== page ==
After discovering that two men were in the process of repossessing his personal vehicle, Justin Maurice Moore began to pursue the men in a van owned and provided by his employer for his work use. The van was insured under a commercial automobile insurance policy supplied by Travelers Property Casualty Company of America and subject to Rhode Island law. Moore’s pursuit ultimately ended in gunfire, with Moore unintentionally firing a shotgun at the tow truck operators, killing one and injuring the other. Travelers sought a declaratory judgment that it had no duty to indemnify Moore for his personal, criminal use of the van. The district court granted summary judgment against Travelers, finding that Moore had permission to use his employer’s vehicle and was therefore an “insured” under the terms of the policy. The district court also found that because the shooting was an “accident” as defined by the policy, and the injury caused was neither “expected” nor “intended,” Travelers was obligated to indemnify Moore. Travelers appealed to the Eleventh Circuit.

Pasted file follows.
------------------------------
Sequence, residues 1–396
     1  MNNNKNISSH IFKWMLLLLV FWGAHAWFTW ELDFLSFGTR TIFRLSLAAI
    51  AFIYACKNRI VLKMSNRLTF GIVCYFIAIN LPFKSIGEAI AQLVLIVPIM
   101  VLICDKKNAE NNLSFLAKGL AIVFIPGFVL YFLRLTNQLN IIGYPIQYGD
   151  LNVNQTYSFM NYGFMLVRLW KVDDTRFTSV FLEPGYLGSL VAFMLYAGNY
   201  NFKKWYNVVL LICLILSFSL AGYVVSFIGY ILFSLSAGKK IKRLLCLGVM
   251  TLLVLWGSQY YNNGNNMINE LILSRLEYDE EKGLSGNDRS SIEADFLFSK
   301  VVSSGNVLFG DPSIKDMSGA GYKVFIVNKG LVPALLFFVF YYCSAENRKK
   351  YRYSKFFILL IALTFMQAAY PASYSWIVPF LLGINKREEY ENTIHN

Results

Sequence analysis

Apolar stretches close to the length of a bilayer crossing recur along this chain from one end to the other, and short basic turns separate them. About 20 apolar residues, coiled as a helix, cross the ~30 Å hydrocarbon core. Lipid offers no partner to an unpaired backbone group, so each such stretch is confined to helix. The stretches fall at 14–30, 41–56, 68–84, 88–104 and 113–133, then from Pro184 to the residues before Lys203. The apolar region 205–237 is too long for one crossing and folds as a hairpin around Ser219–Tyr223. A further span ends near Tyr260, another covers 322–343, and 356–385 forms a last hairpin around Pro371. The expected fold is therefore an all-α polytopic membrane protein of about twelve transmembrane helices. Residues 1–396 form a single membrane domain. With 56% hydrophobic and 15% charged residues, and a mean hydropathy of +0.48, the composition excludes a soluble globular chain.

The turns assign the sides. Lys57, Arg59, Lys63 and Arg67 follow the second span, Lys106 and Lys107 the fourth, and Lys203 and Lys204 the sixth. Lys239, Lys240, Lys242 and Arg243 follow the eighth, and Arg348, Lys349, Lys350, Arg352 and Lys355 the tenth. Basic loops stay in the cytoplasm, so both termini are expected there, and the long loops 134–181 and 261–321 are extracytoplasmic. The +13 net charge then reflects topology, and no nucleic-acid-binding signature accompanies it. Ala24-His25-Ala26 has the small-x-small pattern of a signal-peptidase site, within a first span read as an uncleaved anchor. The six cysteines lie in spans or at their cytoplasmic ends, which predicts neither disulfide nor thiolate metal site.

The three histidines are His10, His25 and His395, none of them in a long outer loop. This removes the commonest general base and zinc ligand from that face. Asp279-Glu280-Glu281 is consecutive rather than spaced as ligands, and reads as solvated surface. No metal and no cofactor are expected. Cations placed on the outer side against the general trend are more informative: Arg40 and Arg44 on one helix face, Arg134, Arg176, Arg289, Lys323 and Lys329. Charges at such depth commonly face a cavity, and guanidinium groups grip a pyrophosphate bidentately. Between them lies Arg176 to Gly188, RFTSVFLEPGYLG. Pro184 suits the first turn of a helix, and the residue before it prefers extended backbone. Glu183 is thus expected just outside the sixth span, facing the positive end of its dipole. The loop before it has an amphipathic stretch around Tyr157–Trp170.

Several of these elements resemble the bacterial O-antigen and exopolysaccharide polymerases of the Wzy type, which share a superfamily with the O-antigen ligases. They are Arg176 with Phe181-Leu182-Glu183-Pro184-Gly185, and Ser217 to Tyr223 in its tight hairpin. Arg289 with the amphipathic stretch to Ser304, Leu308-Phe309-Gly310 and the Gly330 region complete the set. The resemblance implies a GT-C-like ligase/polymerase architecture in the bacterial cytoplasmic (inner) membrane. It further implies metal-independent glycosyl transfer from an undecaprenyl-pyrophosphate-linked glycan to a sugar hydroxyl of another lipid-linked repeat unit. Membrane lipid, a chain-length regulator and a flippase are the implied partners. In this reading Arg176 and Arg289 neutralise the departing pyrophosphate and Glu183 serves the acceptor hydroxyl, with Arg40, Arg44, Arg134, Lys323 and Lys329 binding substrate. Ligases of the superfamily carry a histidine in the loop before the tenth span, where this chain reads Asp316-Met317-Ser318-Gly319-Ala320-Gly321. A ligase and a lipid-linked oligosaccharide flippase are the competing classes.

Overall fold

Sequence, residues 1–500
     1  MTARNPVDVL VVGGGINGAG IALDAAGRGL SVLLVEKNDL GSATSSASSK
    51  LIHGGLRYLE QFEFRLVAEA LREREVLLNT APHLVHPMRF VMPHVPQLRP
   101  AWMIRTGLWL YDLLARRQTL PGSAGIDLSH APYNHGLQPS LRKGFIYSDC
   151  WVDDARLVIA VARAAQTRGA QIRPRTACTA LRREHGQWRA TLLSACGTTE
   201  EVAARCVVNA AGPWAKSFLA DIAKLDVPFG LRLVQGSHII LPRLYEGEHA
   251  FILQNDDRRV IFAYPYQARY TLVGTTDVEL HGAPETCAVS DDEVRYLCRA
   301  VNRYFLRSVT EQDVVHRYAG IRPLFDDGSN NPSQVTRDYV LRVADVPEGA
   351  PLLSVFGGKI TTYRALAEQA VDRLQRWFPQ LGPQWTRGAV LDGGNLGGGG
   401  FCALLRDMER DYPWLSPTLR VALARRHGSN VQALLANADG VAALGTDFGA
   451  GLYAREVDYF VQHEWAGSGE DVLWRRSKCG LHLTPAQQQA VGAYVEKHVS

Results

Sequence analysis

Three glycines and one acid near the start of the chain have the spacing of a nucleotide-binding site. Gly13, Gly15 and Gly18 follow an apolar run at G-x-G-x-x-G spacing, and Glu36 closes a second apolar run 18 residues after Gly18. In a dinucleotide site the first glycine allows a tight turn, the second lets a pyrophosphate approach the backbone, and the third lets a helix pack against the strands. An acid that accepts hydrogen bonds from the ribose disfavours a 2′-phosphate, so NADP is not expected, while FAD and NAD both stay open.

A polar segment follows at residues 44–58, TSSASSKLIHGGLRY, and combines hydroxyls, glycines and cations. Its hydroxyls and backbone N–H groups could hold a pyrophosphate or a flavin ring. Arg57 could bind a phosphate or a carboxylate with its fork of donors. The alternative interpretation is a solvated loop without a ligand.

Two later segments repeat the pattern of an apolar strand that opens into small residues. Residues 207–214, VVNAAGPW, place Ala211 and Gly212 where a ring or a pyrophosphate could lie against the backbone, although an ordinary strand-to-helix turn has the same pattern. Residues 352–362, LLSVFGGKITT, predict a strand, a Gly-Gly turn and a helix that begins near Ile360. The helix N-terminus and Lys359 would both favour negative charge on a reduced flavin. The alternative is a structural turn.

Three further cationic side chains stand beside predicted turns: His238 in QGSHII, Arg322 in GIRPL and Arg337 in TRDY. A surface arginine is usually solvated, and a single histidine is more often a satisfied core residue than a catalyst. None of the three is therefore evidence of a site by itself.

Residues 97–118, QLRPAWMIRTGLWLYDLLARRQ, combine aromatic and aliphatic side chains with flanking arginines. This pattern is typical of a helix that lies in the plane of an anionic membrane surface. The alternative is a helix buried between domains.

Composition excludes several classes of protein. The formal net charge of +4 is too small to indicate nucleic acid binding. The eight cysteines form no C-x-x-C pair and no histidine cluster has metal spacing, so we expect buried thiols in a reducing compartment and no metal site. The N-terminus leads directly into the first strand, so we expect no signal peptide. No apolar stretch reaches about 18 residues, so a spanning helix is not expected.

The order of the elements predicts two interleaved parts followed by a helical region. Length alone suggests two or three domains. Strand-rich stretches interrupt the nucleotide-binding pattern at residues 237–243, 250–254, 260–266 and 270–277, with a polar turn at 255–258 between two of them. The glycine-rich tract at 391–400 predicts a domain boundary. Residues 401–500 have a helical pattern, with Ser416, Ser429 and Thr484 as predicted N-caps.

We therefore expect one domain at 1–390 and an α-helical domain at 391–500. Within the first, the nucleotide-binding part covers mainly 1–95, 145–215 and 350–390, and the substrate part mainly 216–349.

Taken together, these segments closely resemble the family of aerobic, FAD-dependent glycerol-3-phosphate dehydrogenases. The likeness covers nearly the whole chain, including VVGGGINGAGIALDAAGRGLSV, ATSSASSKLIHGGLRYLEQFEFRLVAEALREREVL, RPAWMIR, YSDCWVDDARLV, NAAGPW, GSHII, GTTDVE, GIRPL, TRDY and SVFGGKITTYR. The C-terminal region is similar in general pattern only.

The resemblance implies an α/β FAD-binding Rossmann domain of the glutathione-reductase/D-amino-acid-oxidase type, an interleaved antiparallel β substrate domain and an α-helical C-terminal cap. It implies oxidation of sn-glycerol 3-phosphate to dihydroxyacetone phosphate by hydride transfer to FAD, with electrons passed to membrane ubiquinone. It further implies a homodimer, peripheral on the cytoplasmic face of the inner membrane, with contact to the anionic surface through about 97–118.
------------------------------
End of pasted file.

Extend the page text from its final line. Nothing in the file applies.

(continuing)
The Eleventh Circuit reversed, holding that under the terms of the policy, as commonly defined and understood, Moore did not have “permission” to use his employer’s van under these circumstances. The Court reasoned that the district court mistakenly relied on a Rhode Island statute which creates a presumption of consent in cases where the registered owner of a vehicle is not the driver, but is a defendant to a civil suit. The Eleventh Circuit concluded that because Moore’s employer was not named as a defendant, and because the Rhode Island statute had not previously been used to define terms under an insurance contract, the statute had no bearing on whether Moore had his employer’s “permission” within the meaning of the policy The Court held that under the employer’s restrictive use policy, it was not reasonable for Moore to infer that he had “permission” to use the vehicle for his own personal, criminal acts. Accordingly, the Court reversed for a judgment in Travelers’ favor because Moore was not an “insured” under the policy and, therefore, coverage was lacking.
Travelers Prop. Cas. Co. of Am. v. Moore, No. 13-14413, 2014 WL 3953944 (11th Cir., Aug. 14, 2014).